Monday, 28 May 2012

The Green Green Grass of Home...

After leaving the Army, I did a year’s stint in Iraq, setting up mobile communication towers in the immediate aftermath of the war.  During my interactions with the British Army troops, I was surprised to see their total apathy towards their homeland, and the fact that almost none of them chose `back home’ as a place to finally settle down. They were mostly reservists, and served in Iraq for only six months. This included a two week holiday which they could spend anywhere in the world. Most of them `paired up’ (seriously!), and flew off to exotic locales like Thailand, Bali or Philipines. Going back to Blighty to look up the family, or to re-connect in any way was unthinkable!

Having travelled a fair bit around the world, I cannot think of any place other than India, my beloved Poona, to come back to – chaotic traffic, noise, heat and dust notwithstanding. Be it howsoever humble, et al... 

Settling abroad? Not the best option certainly. American Born Confused Desis (ABCD’s) may sound harsh, but the confusion is very real. Sheena Iyengar, the acclaimed author of `The Art of Choosing’ describes it beautifully.  As the blind daughter of immigrant Sikhs to the US, she says she was always in a state of conflict.  "I had a dual identity — I was a Sikh at home, and an American at school. We are told at school 'Just pursue your dreams, do what you want'; that you get to decide what you can eat, what you get to wear, who you would marry. As a Sikh, I was taught the importance of doing your duty, doing what your parents, your God said".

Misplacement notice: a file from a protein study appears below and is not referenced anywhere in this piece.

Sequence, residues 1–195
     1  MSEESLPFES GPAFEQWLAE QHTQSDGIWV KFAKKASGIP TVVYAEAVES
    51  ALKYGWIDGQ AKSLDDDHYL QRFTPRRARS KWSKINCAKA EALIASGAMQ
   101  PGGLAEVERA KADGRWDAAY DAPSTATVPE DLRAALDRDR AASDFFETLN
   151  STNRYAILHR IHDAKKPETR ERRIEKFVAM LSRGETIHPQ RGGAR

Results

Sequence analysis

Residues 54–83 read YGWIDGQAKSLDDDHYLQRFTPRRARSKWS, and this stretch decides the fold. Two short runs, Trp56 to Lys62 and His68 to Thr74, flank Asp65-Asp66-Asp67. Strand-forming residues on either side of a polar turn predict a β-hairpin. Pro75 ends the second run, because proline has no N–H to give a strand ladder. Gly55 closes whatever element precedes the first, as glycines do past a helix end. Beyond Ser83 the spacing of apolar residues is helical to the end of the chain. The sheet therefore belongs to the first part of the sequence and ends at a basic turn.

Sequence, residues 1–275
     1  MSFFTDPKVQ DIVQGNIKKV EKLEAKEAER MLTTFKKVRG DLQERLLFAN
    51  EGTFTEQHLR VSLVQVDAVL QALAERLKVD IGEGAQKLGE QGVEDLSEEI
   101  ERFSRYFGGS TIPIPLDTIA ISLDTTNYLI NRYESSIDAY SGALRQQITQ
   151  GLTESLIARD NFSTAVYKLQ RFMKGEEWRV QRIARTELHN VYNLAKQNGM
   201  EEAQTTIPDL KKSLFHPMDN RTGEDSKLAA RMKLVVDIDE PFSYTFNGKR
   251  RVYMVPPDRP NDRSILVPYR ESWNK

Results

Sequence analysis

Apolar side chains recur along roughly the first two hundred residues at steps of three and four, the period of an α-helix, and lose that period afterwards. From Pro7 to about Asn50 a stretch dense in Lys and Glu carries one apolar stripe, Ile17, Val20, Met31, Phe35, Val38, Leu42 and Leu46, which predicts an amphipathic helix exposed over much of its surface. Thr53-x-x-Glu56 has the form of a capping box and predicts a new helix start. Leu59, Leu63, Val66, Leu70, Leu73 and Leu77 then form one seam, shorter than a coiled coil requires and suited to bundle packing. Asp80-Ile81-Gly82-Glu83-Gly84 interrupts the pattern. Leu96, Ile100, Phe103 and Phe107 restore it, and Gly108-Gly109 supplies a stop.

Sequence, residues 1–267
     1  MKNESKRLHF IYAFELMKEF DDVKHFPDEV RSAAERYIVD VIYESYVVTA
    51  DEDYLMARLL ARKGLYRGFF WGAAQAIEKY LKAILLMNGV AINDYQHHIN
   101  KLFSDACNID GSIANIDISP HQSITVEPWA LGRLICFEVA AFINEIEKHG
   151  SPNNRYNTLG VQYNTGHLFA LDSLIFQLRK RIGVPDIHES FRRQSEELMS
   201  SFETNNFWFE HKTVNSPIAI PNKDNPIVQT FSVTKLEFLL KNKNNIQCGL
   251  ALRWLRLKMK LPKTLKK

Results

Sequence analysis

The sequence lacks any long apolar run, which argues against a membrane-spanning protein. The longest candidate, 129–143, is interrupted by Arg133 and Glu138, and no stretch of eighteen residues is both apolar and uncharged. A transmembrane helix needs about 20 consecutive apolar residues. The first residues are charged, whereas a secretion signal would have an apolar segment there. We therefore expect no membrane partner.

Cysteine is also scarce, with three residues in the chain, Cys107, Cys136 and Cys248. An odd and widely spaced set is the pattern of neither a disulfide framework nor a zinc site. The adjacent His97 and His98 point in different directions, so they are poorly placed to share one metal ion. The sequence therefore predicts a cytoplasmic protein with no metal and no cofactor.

The parents are Indian, the children are American – if that isn’t a recipe for conflict, I don’t know what is! How many generations does it take for the transformation to be complete – for a Piyush to become a Bobby Jindal, for a Namrata Randhawa to become a Nikki Haley?

My nephews and nieces are abroad, and I’ve seen this confusion first hand. Quite naturally, the parents want to retain their Indian-ness, and pass it onto their children. Rohit and Sumi perform rituals and pujas in Seattle and Chicago which they never dreamed of at Poona. Amit and Nisha go to such great pains and harbour loads of patience to instill Indian values (as distinct from Hindu rituals, mind you) into Alisha and Neel.  But when they reach the stage, as they surely will when the kids grow up, and they will have to let go – where will the kids go? Is there a base, a safe haven to come back to, and if so, where is it??

The other day, I was on my way from Viman Nagar to FC Road. As we crossed Jehangir Hospital, I looked up and sighed wistfully `So this is where it all began..’ Barely a kilometer away, I crossed the ghat at Sangam bridge, `And this is where it will all end..’  The start point and end point stood fixed and unmoved. And in between lay a lifetime’s journey – meandering, maddening, and yet so intricately balanced..  Today, so rich in all my yesterdays, and tomorrow – well, tomorrow’s another day, another promise... 

The future, as Richard Church says, owes all to that past - as every graveyard shows...


  1. We have now been away from India and particularly Pune for a decade now, and Pune remains home for us.
    Hence the yearly trips home, without much travel to other places in the world for holidays. This obviously may not apply to the kids, who will hopefully come back to wherever their parents settle down and where they have their best memories.
    But we do constantly remind them when they have questions about their identity, that they are and always will be Indian. And it is amazing to see the connection that most 2nd generation Indian children have with their country of origin, especially when the cricket team visits.
    Although they do find it difficult to accept some of the realities which we take for granted...the children on the streets, the smells of Mumbai as soon as you land etc., that's when it seems like a foreign country.

  2. You have made me melancholy, Harish. Beautiful piece!